On one occasion, Rieu told the audience that he was very happy after having received a phone call from the Mayor of Amsterdam, who asked him if he wanted to play at the coronation of the new King and Queen in 2014. This event would take place at the Museum Square, right in the heart of Amsterdam. He said that his response was ''yes, of course!'' (netuurluk!), then adding that "the Museum Square is of course not as beautiful as The Vrijthof" (‘t Museumplein is natuurlek neet zoe sjoen wie de Vriethof), a remark that made the audience laugh. "Nevertheless, it was really special" (Meh ‘t woar toch hiel specioal), he concluded. All of this anecdote was narrated in the local dialect. In Maastricht, Rieu only speaks the dialect or English. He uses standard Dutch more rarely, to make a joke concerning the Dutchies.
Rieu has started to use English as a second language during his performances since 2013.
Rieu also loves being nationalistic about Maastricht. His use of the local dialect is one way of showing that. But could we call his stance chauvinistic too? Whereas it is commonly thought in the Netherlands that people from Maastricht are chauvinistic, this might not be the right term to describe Rieu. Rather, I would use the term patriotic, in ''a way that shows that you love your country and are proud of it''. Considering that my own origins are from Maastricht, I might be biased, but I think patriotism suits Rieu best, and it also explains his enthusiasm for using local elements.
In countries where English is not a very well-spoken language, Rieu is accompanied by a native speaker that translates everything he says into the local language. The reason for this is that he wants to make sure that everyone is involved in his performance. This is the same reason why he translates his Maastrichts dialect into English himself when performing in his hometown. If Rieu performs abroad he says ''I am from the Netherlands''. Whenever Rieu returns home (thoes), he always mentions that he travelled the world and that he is back, once again, to play in his own city (in us eige stad) at the most beautiful square of The Netherlands, The Vrijthof in Maastricht (op ‘t sjoenste plein vaan Nederland: ‘t Vriethof in Mestreecht)! So he is consciously making this distinction in order to stay close to the audience and connect with them, locally and globally. For all this, Rieu's way of using languages is indexical, whereas the underlying reason for his language use refers to the goal of solidarity.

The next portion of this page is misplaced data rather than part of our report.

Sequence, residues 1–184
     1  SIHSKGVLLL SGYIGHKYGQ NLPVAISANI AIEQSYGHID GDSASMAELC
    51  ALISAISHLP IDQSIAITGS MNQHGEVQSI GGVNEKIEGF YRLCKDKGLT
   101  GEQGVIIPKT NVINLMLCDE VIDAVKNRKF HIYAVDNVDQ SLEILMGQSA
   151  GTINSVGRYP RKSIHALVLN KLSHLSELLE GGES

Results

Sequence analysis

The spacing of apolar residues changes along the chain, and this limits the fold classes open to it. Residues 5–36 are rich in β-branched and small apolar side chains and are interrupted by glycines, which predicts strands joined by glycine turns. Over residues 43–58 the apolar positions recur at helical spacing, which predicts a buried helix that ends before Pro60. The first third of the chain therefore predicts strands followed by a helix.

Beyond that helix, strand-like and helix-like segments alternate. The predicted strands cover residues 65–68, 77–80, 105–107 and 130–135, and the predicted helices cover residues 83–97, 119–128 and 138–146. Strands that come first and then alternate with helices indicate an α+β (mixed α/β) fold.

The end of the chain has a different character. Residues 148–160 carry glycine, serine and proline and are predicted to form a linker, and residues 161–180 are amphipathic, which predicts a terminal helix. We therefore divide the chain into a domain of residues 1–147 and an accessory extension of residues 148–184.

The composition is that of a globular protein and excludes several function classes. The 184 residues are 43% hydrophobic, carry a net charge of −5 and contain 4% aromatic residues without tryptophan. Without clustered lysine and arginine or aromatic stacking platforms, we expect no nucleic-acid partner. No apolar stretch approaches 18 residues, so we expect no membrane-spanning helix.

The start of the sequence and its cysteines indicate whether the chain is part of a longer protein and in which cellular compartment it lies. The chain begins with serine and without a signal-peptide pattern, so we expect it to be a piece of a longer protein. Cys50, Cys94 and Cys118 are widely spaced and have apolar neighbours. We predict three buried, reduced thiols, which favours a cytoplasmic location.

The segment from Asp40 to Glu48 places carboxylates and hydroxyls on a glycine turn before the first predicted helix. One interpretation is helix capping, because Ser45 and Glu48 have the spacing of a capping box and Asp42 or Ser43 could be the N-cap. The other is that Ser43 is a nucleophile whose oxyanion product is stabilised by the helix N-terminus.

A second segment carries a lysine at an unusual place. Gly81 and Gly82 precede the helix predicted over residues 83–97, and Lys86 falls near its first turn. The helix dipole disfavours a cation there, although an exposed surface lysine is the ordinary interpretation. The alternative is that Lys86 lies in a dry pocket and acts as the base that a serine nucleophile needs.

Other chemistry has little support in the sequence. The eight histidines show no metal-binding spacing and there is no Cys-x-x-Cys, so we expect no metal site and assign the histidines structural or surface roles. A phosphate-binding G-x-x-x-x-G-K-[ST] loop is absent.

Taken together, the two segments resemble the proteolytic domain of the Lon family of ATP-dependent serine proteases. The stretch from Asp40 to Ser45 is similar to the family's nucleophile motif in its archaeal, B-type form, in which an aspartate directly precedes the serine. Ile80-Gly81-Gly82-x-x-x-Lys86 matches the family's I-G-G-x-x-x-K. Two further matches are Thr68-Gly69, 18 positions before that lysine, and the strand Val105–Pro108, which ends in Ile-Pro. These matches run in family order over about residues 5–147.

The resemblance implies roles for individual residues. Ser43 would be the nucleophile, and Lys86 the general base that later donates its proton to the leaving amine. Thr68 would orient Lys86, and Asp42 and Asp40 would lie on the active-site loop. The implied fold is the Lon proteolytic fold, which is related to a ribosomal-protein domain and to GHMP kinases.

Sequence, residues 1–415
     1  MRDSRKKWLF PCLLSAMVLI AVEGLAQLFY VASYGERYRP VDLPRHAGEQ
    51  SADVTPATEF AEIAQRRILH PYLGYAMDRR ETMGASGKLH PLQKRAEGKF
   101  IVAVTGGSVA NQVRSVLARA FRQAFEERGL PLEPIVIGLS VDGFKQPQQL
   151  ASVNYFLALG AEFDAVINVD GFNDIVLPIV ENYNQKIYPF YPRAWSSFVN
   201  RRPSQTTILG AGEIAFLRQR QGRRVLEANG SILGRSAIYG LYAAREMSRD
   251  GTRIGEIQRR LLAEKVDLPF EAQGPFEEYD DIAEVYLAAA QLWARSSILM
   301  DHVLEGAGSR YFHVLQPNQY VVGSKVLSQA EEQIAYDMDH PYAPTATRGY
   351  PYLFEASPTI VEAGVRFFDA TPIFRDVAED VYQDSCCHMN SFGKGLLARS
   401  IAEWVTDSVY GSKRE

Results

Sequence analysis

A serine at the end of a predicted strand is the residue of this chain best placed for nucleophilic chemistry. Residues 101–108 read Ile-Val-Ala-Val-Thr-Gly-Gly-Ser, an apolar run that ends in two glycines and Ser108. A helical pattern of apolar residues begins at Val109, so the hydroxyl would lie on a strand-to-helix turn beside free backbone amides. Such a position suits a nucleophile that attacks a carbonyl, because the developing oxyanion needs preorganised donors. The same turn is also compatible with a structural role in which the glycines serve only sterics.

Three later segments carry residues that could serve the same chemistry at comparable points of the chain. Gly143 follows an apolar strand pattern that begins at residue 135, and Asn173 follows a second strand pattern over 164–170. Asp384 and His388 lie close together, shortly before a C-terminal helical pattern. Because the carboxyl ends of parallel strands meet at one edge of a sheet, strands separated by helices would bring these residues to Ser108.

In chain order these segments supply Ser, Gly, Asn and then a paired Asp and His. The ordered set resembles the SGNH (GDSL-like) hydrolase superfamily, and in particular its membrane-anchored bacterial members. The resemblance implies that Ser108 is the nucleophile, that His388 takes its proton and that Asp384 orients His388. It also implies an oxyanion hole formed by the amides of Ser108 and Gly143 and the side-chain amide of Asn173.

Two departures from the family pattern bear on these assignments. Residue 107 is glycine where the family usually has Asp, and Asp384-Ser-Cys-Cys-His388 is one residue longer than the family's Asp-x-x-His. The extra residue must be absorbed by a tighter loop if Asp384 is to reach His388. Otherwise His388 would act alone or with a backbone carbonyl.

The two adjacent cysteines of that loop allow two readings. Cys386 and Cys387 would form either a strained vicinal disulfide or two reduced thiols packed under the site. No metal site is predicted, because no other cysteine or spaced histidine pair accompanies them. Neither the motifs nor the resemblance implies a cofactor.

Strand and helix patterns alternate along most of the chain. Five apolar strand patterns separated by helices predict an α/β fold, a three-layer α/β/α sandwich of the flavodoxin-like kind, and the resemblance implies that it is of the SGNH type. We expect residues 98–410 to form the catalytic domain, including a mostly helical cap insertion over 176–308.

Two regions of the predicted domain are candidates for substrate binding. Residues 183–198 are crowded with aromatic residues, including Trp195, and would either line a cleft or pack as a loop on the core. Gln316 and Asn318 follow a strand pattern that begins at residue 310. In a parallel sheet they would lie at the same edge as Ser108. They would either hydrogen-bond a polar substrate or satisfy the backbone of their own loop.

André Rieu is regularly active on social media. He has 1,9 million subscribers on YouTube, where he posts new videos every week. He also has a Twitter account, where it stands out that he also tweets in Spanish. His Facebook page has 4.351.402 likes and 5.119.054 people also following it. His Instagram account in turn has 412.000 followers. Rieu tends to share the same images and videos on both Facebook and Instagram, also featuring the same caption. As can be seen in Figure 1, his latest posts are very different from each other. The first one is a picture of André as we know him; performing in a suit with his Stradivarius. The caption reads:
"What is your favourite André Rieu album?’"
Posted on 3 November 2019. Location not mentioned. By asking this question to his followers through Instagram, Rieu attempts to generate engagement with his fans.